MMPDS MMPDS-10 Chapter 6

The Metallic Materials Properties Development and Standardization (MMPDS) Handbook, is an accepted source for metallic material and fastener system allowables recognized by the Federal Aviation Administration (FAA), all Departments and Agencies of the Department of Defense (DoD), and the National Aeronautics and Space Administration (NASA) within the limitations of the certification requirements of the specific government agency.

Heat-resistant alloys are arbitrarily defined as iron alloys richer in alloy content than the 18 percent chromium, 8 percent nickel types, or as alloys with a base element other than iron and which are intended for elevated-temperature service. These alloys have adequate oxidation resistance for service at elevated temperatures and are normally used without special surface protection. So-called “refractory” alloys that require special surface protection for elevated-temperature service are not included in this chapter.

This chapter contains strength properties and related characteristics of wrought heat-resistant alloy products used in aerospace vehicles. The strength properties are those commonly used in structural design, such as tension, compression, bearing, and shear. The effects of elevated temperature are presented. Factors such as metallurgical considerations influencing the selection of metals are included in comments preceding the specific properties of each alloy or alloy group. Data on creep, stress-rupture, and fatigue strength, as well as crack-growth characteristics, are presented in the applicable alloy section.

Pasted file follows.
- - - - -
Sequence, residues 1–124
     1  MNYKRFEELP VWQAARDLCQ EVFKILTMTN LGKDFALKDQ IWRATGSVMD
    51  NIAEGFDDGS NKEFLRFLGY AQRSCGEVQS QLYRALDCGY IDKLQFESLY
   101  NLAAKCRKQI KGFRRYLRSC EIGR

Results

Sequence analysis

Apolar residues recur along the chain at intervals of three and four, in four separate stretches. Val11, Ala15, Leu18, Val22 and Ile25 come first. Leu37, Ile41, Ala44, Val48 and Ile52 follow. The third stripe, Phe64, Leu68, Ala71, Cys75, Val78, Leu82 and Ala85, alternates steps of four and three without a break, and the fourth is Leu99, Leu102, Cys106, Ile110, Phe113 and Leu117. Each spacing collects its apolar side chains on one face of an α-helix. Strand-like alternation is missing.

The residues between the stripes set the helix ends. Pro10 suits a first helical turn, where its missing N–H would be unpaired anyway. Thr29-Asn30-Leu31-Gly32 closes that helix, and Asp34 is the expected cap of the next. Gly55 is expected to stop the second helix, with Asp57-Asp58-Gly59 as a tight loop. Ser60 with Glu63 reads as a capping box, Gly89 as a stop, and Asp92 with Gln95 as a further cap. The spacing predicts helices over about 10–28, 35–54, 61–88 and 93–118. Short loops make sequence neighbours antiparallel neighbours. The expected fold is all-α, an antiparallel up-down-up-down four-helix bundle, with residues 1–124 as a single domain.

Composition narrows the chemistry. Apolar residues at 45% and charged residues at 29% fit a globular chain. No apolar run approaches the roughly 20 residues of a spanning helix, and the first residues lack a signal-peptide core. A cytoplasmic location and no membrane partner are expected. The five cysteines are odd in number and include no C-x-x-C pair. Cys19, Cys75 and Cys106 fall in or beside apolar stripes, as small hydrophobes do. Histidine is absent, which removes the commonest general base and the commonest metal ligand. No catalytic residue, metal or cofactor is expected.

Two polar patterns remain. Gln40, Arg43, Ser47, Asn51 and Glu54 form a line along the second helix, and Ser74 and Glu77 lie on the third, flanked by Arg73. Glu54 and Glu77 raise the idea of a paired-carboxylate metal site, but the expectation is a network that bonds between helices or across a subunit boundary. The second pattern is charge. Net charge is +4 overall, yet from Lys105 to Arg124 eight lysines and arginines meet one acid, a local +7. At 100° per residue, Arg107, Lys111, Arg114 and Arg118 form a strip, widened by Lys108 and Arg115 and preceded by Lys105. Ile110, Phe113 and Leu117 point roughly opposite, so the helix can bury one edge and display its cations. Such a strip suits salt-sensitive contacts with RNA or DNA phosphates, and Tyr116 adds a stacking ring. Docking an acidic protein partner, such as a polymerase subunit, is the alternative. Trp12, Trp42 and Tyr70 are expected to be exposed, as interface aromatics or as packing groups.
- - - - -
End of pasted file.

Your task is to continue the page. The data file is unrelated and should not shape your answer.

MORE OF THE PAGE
There is no standardized numbering system for the alloys in this chapter. For this reason, each alloy is identified by its most widely accepted trade designation.

For convenience in presenting these alloys and their properties, the heat-resistant alloys have been divided into three groups, based on alloy composition. These groups and the alloys for which specifications and properties are included are shown in Table 6.1.

The heat treatments applied to the alloys in this chapter vary considerably from one alloy to another. For uniformity of presentation, the heat-treating terms are defined as follows:

  • Stress-Relieving – Heating to a suitable temperature, holding long enough to reduce residual stresses, and cooling in air or as prescribed.
  • Annealing – Heating to a suitable temperature, holding, and cooling at a suitable rate for the purpose of obtaining minimum hardness or strength.
  • Solution-Treating – Heating to a suitable temperature, holding long enough to allow one or more constituents to enter into solid solution, and cooling rapidly enough to hold the constituents in solution.
  • Aging, Precipitation-Hardening – Heating to a suitable temperature and holding long enough to obtain hardening by the precipitation of a constituent from the solution-treated condition.

The actual temperatures, holding times, and heating and cooling rates used in these treatments vary from alloy to alloy and are described in the applicable specifications.

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